Instructions: Click on the “IR” button on the left-hand side of the webpage, then click on the link “General Approach to IR Spectrum Analysis” (Section III).  This material gives a step-by-step approach to obtaining structural data from an IR spectrum.
 
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  • Reading: Central Connecticut State University: Dr. Neil Glagovich’s “Infrared Spectroscopy: Example Spectra for Various Functional Groups” Link: Central Connecticut State University: Dr. Neil Glagovich’s “Infrared Spectroscopy: Example Spectra for Various Functional Groups” (HTML)
     
    Instructions: Click on the “IR” button on the left-hand side of the webpage, then follow the links (A–Y) below “Section V: Example Spectra for Various Functional Groups.”  This material provides representative spectra for each organic functional group.  Section IV presents a table of the key wavenumber assignments in the spectra.
     
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  • Lecture: OCHeM.com: Thomas Poon’s “Infrared Spectroscopy” Link: OCHem.com: Thomas Poon’s “Infrared Spectroscopy” (QuickTime)
     
    Instructions: Scroll down the list of “PreLectures” to find a link entitled “Infrared Spectroscopy.”  Click on the link; it will launch a QuickTime application in a new window.  Watch the video (runtime = 25:28 minutes), which explains the presentation of IR peaks and details structure elucidation from a given IR spectrum.
     
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  • Lecture: OCHeM.com: Thomas Poon’s “Spectroscopy, Part 2 of 4” Link: OCHem.com: Thomas Poon’s “Spectroscopy, Part 2 of 4” (QuickTime)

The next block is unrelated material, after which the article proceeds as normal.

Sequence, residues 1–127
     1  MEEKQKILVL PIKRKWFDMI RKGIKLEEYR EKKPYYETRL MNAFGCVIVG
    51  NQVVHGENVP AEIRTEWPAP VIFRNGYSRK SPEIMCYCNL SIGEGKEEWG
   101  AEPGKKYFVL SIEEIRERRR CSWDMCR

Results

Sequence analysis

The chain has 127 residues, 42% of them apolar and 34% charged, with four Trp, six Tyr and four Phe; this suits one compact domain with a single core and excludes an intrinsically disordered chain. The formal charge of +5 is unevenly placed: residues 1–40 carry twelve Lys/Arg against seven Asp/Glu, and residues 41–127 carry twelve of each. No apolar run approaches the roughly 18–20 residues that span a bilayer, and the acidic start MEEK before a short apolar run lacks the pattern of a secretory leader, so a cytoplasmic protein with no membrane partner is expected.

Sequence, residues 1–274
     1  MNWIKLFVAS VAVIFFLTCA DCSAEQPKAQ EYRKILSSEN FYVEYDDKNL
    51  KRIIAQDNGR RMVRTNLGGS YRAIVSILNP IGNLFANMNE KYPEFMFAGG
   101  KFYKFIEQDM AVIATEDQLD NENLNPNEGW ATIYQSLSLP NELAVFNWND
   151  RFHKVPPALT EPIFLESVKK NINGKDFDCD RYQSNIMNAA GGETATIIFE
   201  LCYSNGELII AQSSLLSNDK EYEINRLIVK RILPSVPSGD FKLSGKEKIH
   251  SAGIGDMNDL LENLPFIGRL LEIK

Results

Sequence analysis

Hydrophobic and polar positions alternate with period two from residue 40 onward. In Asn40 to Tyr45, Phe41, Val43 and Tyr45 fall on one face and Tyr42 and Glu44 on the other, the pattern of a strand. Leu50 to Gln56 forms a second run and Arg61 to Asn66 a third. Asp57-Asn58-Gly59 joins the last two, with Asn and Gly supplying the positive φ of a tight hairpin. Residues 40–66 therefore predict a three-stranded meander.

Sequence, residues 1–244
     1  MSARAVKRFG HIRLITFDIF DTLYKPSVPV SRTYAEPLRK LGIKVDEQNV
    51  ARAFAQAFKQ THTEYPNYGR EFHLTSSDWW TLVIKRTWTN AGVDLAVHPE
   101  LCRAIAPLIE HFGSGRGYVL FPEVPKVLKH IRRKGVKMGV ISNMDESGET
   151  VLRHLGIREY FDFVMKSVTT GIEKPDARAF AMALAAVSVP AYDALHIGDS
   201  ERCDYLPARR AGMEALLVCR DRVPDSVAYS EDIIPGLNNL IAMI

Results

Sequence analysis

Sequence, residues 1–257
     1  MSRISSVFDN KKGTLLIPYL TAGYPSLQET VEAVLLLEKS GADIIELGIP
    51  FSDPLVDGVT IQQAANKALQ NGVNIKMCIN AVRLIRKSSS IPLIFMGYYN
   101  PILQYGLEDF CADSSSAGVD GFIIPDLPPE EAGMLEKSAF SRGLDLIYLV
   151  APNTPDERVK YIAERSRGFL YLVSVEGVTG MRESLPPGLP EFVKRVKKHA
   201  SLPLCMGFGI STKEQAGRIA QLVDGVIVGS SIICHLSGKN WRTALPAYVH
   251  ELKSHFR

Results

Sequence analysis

Instructions: Scroll down the list of “PreLectures” to find a link entitled “Spectroscopy, Part 2 of 4.”  Click on the link; it will launch a QuickTime application in a new window.  Watch the video (runtime = 13:24 minutes), which demonstrates the use of both IR and MS for organic structure determination.
     
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  • Assessment: OCHeM.com: Thomas Poon’s “IR Spectroscopy Problems” Link: OCHeM.com: Thomas Poon’s “IR Spectroscopy Problems” (HTML or PDF)
     
    Instructions: Please work through these problems dealing with infrared spectroscopy.  Then, click here for the answer key.
     
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  • Assessment: OCHeM.com: Thomas Poon’s “IR and Mass Spec Problems” Link: OCHeM.com: Thomas Poon’s “IR and Mass Spec Problems” (HTML or PDF)
     
    Instructions: Please work through these problems dealing with structure identification from infrared spectra combined with mass spectra.  Then, click here for the answer key.